Falling Rock: A Short Story
Falling Rock: A Short Story
“You say you love my daughter. Is this true?” The old chief looked to his youngest daughter, the most beautiful of his children.
“Yes, Father. He loves me and I love him. Please let us marry.” Her small hands grasped his gnarly ones and he narrowed his beady eyes at the warrior.
“What do you have to offer for this union, young warrior?”
He watched as the bravery seemed to seep out of the man at his question.
“I have nothing, my chief. I do not own any animals or fancy cloth. I can offer my service and my loyal protection.” His black eyes met the daughter’s. “To you and yours for the rest of my days.”
“I have that already, my man. I wish you to complete me a task. If you are successful, you will have permission to marry my daughter. Do you agree?” The chief crossed his arms and stared down his hawk nose at the warrior.
“Yes, I will do anything to marry your daughter.” The young man eagerly agreed.
“Very well. Your task will be to search the territory, near and far, for the meaning of life.”
The young man reared back in surprise. “The meaning of life?”
“Yes. When you have found it, return to me and you may marry my daughter. Now go.” The chief dismissed the warrior with a wave of his hand, placing his youngest behind him.
After many moons, the chief’s beautiful daughter fell before her father in tears. “Father, I am so frightened!”
“What is wrong, my daughter?”
“Falling Rock has not returned from your task and it has been a long time. I am afraid he has fallen ill or worse.”
The chief’s heart ached to see his child suffer and he placed a hand on her shoulder. “What do you wish that I do?”
“Can you not send some men to find him?”
Her tears and pleas tore at the old man’s heart and he nodded. He sent out a call to the entire village. Before long, the room was crowded with elders, warriors and healers. He held his hand up and a hush fell over the entire area.
“Thank you for coming, my friends. My daughter has petitioned my help to find her warrior. As you know, Falling Rock is on a mission to find the meaning of life. I do not know his location and he could be anywhere. We do not have many months before the winter snows so I will give anyone who is willing, two moons to find him.”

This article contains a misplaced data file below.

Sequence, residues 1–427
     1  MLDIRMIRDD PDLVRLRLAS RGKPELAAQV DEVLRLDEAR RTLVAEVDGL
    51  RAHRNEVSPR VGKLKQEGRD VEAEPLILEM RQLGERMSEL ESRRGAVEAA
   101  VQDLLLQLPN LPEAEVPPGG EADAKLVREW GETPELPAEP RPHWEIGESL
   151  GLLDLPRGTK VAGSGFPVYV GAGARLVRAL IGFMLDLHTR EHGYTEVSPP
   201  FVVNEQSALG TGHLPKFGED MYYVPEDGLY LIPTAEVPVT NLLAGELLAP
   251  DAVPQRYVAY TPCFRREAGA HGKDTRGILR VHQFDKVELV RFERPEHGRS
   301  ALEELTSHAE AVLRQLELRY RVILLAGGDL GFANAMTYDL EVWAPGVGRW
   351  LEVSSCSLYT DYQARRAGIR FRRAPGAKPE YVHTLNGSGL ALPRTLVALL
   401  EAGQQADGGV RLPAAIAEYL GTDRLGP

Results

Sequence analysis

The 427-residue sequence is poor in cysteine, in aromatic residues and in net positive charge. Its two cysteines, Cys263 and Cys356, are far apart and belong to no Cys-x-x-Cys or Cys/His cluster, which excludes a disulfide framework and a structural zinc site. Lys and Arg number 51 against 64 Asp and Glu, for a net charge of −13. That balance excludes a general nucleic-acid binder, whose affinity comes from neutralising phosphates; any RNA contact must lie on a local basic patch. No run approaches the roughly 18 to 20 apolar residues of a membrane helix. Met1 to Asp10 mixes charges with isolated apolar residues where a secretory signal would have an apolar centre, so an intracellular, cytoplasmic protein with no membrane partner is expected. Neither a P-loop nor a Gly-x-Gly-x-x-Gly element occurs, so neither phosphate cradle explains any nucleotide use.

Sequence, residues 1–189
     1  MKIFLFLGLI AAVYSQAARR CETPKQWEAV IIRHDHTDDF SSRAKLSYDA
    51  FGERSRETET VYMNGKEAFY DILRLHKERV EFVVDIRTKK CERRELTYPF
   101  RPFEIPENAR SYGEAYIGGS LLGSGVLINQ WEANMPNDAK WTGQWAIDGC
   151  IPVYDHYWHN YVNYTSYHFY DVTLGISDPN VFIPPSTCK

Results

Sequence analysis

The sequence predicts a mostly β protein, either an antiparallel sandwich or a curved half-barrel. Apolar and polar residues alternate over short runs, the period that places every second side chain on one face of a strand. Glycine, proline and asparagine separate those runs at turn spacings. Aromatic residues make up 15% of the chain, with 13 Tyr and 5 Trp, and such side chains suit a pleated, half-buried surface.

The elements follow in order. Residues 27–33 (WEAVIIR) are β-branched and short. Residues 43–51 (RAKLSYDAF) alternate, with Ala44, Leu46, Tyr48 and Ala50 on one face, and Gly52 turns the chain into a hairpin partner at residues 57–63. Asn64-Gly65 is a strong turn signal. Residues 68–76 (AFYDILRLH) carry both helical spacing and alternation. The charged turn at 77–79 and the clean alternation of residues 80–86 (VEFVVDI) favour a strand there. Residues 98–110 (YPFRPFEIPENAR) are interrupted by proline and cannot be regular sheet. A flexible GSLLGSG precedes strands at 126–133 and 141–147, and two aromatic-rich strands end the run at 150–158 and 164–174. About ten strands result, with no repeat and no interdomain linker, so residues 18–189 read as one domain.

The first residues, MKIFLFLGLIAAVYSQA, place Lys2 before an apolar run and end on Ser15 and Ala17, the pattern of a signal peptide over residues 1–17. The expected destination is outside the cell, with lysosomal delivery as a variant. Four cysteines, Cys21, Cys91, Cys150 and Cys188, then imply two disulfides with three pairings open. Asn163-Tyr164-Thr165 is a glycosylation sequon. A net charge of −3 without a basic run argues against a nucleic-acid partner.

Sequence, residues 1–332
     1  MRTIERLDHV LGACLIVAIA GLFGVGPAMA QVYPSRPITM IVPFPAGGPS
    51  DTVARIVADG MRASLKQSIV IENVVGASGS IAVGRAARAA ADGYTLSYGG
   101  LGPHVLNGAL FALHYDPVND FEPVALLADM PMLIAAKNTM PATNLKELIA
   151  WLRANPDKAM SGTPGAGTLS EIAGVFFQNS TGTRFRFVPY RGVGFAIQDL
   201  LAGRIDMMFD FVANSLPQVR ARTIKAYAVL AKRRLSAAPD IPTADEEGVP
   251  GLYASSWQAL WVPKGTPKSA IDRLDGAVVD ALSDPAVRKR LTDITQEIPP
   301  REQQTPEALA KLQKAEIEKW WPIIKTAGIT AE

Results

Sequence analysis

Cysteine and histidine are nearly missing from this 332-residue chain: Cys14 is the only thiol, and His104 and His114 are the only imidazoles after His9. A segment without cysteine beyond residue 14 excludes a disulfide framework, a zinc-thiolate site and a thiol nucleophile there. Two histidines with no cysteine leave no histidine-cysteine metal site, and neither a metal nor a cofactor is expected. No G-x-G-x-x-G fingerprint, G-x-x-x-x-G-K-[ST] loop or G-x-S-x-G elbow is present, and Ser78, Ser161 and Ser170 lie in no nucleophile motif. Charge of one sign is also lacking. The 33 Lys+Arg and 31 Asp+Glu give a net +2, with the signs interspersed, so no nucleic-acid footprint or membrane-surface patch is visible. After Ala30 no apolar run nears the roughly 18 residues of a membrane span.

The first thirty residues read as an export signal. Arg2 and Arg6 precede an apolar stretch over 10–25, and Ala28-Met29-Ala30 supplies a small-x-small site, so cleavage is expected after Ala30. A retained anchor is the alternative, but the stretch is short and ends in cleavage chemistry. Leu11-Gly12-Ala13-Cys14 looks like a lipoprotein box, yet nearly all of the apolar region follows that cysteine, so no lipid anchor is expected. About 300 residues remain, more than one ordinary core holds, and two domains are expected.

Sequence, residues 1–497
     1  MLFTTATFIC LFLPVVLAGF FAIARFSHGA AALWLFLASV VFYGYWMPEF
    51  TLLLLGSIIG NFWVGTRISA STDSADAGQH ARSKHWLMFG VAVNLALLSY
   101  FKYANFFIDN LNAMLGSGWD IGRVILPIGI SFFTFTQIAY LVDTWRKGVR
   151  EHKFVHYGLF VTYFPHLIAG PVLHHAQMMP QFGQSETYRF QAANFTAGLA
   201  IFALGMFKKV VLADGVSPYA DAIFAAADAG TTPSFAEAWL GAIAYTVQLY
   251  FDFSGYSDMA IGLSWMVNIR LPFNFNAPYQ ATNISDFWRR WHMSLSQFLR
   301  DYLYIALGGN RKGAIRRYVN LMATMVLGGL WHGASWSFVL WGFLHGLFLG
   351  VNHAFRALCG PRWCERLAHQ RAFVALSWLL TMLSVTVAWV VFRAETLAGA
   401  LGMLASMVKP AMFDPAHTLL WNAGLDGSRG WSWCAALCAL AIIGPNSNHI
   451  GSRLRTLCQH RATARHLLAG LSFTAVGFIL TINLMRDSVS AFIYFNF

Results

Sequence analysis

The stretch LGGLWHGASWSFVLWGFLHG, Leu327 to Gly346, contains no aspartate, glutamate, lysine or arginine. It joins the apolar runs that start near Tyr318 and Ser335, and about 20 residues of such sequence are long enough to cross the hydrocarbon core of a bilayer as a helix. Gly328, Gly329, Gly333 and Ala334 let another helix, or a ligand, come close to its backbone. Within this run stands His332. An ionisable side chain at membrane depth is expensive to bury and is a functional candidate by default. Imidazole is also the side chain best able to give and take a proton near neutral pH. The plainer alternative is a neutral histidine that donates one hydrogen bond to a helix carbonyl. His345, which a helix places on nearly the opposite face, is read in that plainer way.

Over the next months, warriors straggled into the village, worn and tired, their horses lathered with sweat. A few sported injuries and some never returned at all. The search for the young warrior continued until the day when the last searcher returned empty-handed.
The chief called another meeting. His daughter wept quietly in the corner as the villagers filed into the room.
“Hello, my friends. My daughter and I would like to thank you.”
“But chief, we didn’t find Falling Rock.” One of the younger warriors spoke from the back of the crowd.
“Yes, son, I know but you searched, did you not?” At the roomful of fervent nods, he continued, “That is all I can ask for.”
An older man ran a hand across the back of his neck. "After a few stops, I started putting signs everywhere I went. In case someone saw him.”
“Hey, I saw those! I started doing it too.” The younger warrior poked him in the back and soon others were telling the villagers how they had posted many signs along their journey.
A commotion in the back turned heads and a murmuring began building through the crowd. Murmurs grew to shouts and the crowd parted to reveal a dirty, limping, tired man. A squeal of joy came from the corner and the chief’s daughter leapt to her feet and raced toward the man. She threw her arms around him and the room erupted in applause and laughter.
The chief smiled and studied the beaten warrior. “Hello, my son, I see you survived your task.”
“Yes, Chief, I have. I thank you for the honor of such a mission.”
“And what may I ask, did you learn on your journey?” The chief stroked his chin.
The young warrior looked from the chief to the woman at his side. He then gazed at the people gathered around him.
“I discovered a territory full of wonders. I found a land of steaming water and bubbling mud. I stood at a great cut of land I could not cross. I even saw a mountain of flowing water. It was almost too amazing to believe if I had not seen it with my own eyes.” He shook his head as if to clear the memories from his mind.
“But in the end, the meaning of life is right here.” He met the eyes of those around him. “I saw the signs and they led me home.”
“Very well done. You will be married soon. Go now and rest.” The old chief smiled and dismissed the crowd over his daughter’s cry of joy.
The warrior and the chief’s daughter married a few weeks later to full regalia of dancing and feasting. They lived many years happily thereafter.
This is my variation of the Native American folklore story of Falling Rock. I originally heard the tale from my husband, James (Rosebud Lakota Sioux.)